Two Cents a Week
Written by
Mary Krakow
November 2013
Written by
Mary Krakow
November 2013

     When I was a kid I got two cents a week. Every Friday at breakfast Dad asked if I wanted my two cents now or if I wanted him to put it in the bank. I nearly always had him put it in the bank. What good was two cents to me? We lived a mile from Loyola Corners and the nearest store. Too far for my five year old legs.  I spent my days climbing trees, catching tadpoles, and running with a pack of neighborhood kids.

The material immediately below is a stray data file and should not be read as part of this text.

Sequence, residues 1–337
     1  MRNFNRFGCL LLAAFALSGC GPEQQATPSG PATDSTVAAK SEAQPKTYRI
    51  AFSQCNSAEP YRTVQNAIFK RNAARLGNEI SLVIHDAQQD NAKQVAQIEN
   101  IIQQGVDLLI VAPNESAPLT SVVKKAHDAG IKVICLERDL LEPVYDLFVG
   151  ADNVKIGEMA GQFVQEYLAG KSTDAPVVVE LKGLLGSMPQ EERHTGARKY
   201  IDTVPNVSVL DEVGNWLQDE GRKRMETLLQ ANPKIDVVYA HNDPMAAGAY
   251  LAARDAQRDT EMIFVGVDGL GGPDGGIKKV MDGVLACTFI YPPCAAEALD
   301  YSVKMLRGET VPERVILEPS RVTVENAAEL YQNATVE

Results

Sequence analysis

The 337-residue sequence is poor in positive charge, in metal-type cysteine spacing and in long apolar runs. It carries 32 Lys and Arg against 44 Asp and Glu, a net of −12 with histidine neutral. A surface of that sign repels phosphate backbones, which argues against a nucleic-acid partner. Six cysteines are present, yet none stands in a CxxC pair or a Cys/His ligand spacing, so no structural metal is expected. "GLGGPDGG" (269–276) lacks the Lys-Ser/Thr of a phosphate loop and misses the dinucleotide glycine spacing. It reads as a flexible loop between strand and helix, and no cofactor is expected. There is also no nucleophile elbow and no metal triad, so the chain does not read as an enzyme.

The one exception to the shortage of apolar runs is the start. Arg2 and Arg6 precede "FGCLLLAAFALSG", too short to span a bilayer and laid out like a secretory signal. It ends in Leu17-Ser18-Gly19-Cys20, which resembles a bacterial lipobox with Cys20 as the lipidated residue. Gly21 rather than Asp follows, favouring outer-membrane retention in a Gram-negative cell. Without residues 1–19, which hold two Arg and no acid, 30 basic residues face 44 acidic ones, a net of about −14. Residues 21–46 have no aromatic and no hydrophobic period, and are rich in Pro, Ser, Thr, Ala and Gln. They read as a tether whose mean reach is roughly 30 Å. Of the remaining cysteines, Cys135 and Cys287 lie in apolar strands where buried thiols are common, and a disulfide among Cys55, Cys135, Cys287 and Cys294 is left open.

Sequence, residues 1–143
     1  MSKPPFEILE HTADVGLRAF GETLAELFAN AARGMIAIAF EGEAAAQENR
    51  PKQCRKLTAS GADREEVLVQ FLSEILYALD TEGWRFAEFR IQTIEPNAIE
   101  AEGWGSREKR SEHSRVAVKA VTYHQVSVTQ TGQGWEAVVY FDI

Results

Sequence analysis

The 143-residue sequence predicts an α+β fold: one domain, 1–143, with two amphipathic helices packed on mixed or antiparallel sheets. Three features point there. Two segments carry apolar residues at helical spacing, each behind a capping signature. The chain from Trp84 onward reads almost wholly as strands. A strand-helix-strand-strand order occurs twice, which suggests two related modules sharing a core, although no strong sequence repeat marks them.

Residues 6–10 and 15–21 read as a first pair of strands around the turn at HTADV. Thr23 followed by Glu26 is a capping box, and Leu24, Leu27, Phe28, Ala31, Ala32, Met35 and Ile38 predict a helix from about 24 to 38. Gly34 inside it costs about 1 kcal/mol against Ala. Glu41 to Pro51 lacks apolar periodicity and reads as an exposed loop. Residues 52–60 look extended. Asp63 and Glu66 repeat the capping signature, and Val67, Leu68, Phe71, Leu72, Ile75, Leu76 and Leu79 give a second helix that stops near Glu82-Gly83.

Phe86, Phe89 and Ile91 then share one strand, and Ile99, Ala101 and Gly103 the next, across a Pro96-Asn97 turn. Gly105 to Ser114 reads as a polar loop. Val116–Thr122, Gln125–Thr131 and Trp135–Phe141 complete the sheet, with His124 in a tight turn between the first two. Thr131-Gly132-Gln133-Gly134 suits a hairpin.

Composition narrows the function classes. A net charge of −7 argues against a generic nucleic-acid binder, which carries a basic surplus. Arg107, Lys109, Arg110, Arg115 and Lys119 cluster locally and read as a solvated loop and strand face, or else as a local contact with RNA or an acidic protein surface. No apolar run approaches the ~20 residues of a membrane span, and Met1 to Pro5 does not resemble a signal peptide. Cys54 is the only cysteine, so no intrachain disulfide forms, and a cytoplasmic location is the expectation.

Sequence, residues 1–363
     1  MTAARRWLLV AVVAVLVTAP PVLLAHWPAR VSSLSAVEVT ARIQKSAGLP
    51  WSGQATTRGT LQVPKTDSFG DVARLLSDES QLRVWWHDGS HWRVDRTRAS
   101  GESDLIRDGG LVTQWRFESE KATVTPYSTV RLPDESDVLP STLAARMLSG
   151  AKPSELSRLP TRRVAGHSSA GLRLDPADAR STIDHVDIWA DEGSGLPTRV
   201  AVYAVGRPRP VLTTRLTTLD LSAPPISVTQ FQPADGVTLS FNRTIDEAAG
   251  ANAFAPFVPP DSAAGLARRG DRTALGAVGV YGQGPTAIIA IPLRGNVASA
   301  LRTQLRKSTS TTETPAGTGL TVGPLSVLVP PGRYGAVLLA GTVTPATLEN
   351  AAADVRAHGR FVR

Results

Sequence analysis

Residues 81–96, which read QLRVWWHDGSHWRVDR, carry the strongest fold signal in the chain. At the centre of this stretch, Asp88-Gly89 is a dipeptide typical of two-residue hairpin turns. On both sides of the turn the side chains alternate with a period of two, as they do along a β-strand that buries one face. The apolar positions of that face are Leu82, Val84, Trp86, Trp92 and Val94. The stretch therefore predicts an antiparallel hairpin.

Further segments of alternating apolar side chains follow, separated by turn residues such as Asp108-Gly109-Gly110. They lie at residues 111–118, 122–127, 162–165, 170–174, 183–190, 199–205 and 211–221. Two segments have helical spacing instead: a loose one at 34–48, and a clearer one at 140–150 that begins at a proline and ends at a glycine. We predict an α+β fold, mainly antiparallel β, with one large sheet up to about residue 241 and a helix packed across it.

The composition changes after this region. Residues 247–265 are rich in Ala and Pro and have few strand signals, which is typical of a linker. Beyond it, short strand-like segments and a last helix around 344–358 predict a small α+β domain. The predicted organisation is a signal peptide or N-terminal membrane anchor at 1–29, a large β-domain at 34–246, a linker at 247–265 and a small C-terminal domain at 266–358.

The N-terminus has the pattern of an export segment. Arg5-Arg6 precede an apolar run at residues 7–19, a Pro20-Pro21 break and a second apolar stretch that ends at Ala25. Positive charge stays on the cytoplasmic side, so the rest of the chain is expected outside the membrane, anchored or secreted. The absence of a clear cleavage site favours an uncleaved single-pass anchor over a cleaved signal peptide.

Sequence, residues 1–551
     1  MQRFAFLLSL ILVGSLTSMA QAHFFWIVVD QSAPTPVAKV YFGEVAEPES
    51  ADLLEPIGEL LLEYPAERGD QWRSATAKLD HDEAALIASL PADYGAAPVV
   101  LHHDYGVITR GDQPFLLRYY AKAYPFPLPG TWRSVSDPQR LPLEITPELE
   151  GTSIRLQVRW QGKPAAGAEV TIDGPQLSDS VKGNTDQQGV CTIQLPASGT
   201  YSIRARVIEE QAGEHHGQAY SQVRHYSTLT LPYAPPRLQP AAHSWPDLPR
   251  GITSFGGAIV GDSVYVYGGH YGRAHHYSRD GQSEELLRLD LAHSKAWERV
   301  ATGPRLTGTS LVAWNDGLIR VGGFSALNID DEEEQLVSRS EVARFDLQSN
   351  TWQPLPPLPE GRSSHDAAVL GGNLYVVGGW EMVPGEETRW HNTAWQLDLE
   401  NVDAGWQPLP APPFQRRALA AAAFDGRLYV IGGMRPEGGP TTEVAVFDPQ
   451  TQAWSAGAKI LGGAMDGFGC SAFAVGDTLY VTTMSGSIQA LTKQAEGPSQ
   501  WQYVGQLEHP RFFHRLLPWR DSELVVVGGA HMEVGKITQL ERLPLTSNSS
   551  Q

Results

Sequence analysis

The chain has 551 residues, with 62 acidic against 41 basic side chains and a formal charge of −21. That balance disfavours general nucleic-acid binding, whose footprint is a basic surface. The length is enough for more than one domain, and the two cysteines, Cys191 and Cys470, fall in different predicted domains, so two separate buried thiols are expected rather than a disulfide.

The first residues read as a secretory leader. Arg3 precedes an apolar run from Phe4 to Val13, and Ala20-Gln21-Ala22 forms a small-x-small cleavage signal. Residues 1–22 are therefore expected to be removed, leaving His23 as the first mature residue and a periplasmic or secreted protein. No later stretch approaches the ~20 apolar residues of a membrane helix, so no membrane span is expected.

Two cents doesn’t sound like much today, but in 1960 two pieces of bubble gum cost a penny and came with full-color comics featuring Bazooka Joe.  Gumball machines took pennies, a candy bar was a nickel, and you could buy a tootsie pop for two cents.

     I can’t quite picture Dad hobbling into the bank every Friday and passing two copper coins across the counter with instructions to “Put this in Mary Anne’s account.” A more likely scenario has him wandering in every few weeks and depositing a dollar. So in the end, my thrift paid off. 

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